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Pat Polchies says that if Canada’s history is worth $10, then $9.95 is Indigenous history and the rest is for the colonists.

The archaeological information discovered and recorded at the Jemseg Crossing Archaeological Project confirms this view.

“The archaeological record at Jemseg reveals a great time depth,” Blair wrote in her final report. “We have hints of a presence in the site area that may be older than 10,000 years.”

The rich evidence shows deep continuities from 8,500 years to 5,000 years ago when the people of Jemseg were living on the upper terrace of the site processing food and making tools. She suggests that during this time people may have been gathering together in camps at Jemseg and then dispersing to hunt and fish and gather food over a large region, interacting with other groups of people on the Atlantic coast.

Early in the project, the team began recovering cultural material such as stone tools, evidence of pottery, cooking hearths, house floors and debris from tool making and everyday life that spanned five or six thousand years.

The oldest artifacts suggested that the Jemseg site was used as a settlement for thousands of years, a place where people made stone tools such as knives, spear points and woodworking tools, fished, hunted and gathered plants for food and medicine. They likely also made baskets and canoes, and formed communities with their families.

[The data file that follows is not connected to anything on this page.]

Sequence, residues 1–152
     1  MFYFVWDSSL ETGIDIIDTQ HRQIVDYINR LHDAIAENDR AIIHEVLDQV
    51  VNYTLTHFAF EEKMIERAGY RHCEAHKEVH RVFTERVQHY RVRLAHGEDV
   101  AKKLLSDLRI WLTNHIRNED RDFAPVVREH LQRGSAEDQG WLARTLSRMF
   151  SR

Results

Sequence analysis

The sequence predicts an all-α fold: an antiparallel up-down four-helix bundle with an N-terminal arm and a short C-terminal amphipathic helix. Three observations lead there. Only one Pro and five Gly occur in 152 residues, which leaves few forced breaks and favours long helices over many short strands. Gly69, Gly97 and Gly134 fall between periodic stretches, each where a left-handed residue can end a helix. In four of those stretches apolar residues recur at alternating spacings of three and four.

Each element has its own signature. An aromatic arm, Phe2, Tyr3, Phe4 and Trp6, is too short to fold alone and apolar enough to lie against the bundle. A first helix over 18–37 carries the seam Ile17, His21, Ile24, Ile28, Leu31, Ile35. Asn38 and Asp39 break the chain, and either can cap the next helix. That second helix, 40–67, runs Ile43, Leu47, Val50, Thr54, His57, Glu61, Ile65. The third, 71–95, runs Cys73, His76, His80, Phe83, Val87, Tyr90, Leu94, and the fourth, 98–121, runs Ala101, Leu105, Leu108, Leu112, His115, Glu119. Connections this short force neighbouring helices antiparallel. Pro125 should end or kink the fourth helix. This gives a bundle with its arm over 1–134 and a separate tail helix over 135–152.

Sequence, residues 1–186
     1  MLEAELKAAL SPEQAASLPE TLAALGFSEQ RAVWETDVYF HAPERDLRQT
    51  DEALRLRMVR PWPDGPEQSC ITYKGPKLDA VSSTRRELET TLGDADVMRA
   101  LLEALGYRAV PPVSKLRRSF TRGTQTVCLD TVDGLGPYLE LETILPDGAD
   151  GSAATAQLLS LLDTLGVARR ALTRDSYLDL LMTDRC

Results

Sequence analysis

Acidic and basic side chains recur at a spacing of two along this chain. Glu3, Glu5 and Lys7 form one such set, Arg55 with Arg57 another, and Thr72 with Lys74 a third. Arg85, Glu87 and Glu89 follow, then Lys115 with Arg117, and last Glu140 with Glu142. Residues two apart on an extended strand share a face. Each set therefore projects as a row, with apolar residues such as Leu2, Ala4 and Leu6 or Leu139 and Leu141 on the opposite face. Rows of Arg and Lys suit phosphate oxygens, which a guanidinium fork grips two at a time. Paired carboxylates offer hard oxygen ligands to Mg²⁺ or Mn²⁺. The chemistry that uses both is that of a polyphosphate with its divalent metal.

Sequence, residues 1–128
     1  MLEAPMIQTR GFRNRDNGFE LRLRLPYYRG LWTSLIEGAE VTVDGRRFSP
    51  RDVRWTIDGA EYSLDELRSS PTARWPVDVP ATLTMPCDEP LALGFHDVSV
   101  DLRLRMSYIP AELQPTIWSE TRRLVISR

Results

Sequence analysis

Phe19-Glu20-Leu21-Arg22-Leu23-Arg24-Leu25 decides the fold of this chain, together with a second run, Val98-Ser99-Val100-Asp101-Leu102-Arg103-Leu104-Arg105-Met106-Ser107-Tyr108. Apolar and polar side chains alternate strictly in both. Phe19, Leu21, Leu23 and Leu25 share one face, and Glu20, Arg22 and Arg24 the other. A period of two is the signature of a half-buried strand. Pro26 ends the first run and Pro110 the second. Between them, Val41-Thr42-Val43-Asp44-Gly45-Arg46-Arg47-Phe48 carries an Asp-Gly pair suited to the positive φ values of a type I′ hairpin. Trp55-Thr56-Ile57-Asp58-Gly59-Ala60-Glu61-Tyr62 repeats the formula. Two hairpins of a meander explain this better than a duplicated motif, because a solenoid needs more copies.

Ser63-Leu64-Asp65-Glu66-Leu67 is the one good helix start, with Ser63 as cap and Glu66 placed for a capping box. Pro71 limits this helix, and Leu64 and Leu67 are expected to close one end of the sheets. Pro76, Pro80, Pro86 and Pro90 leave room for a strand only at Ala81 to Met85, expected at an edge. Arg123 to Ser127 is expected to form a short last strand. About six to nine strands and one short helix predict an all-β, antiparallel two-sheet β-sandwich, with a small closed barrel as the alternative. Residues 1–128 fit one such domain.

During the period from 5,000 to 3,500 years ago (the Late Archaic period), activity at the site increased, as did their interactions with people outside the region. There is an increase in the quantity and quality of the evidence from the period 3,300 to 2,800 years ago, and more evidence of contact with others along ancient portage routes as far away as the St. Lawrence River, the Great Lakes and the Gulf of Maine. During this period, the tools were often small and light and the campsites had small hearths, suggesting they travelled often and carried their tools with them.

Blair concluded that during the period after 2,400 years ago, the small camps were replaced by more permanent structures with deep basin shaped floors. Some of the structures may have been used for food storage.

There is evidence that during the period from 3,500 to 1,500 years ago, it was a large and thriving community, where people constructed houses, made tools from rock mined in nearby quarries, hunted, fished and stored food. They had interactions with people from areas far from the settlement.

The site continued to be used by the Wolastoqiyik through to the post contact period, after the early 17th century, after which it becomes more difficult to distinguish between the activities of Indigenous and non-Indigenous people who farmed in the area.

There were a small number of European clay tobacco pipes and glass beads found at the site that date to the 17th century. But Blair concluded that before the early 18th century, the site was used almost exclusively by the Wolastoqiyik.

“Resources were generally diverse and abundant, and a number of particular resources (especially spring runs of anadromous fish, wintering caribou, migrating waterfowl, and fall nut and grain harvests) exhibit aggregated characteristics, suggesting discrete periods and locations of particular abundance,” she wrote. “This rich setting created opportunities for the people of the Jemseg Crossing site. The site was ideally situated to allow the people living there to travel to resource areas, to other neighbouring sites and other seasonal encampments, and to participate in the rich ecological systems of the lower Saint John River.”

More than 40,000 artifacts were uncovered during the nine months spent on the project that are now being stored at a provincial archaeological services facility.